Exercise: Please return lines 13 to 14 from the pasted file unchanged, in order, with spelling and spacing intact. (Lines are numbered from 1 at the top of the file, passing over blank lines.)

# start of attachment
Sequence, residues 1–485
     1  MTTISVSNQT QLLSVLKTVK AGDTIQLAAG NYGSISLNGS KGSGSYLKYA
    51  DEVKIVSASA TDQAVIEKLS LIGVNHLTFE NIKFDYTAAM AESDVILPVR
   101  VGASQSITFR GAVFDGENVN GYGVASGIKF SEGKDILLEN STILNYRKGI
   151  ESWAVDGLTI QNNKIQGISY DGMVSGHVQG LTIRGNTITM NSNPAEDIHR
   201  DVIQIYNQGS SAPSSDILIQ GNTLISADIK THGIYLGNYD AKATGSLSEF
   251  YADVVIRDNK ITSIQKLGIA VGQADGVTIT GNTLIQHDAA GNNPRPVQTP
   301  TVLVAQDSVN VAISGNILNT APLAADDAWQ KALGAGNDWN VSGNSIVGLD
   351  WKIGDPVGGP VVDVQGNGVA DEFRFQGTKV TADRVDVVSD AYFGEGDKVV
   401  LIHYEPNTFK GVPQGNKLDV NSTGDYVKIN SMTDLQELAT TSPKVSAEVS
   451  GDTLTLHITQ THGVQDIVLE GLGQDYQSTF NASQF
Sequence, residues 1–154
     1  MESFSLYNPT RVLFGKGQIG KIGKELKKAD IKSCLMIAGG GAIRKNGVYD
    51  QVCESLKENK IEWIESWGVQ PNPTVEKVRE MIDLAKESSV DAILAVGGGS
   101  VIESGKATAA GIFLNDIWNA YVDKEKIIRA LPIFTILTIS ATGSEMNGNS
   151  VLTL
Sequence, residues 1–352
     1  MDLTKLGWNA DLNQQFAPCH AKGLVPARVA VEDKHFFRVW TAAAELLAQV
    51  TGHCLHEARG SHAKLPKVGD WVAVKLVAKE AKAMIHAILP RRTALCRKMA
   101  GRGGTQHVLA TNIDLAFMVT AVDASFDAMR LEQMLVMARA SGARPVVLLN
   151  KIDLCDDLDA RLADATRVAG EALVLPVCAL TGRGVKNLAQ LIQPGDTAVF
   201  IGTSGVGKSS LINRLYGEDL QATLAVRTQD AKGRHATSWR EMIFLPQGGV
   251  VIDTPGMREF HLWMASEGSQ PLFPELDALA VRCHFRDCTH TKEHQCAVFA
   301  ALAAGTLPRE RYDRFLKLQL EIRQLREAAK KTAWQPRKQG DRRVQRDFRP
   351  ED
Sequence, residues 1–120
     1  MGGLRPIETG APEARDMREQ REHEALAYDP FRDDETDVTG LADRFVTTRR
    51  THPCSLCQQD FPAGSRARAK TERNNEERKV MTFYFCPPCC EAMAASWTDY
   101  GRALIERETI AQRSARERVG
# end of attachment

     1  MESFSLYNPT RVLFGKGQIG KIGKELKKAD IKSCLMIAGG GAIRKNGVYD
    51  QVCESLKENK IEWIESWGVQ PNPTVEKVRE MIDLAKESSV DAILAVGGGS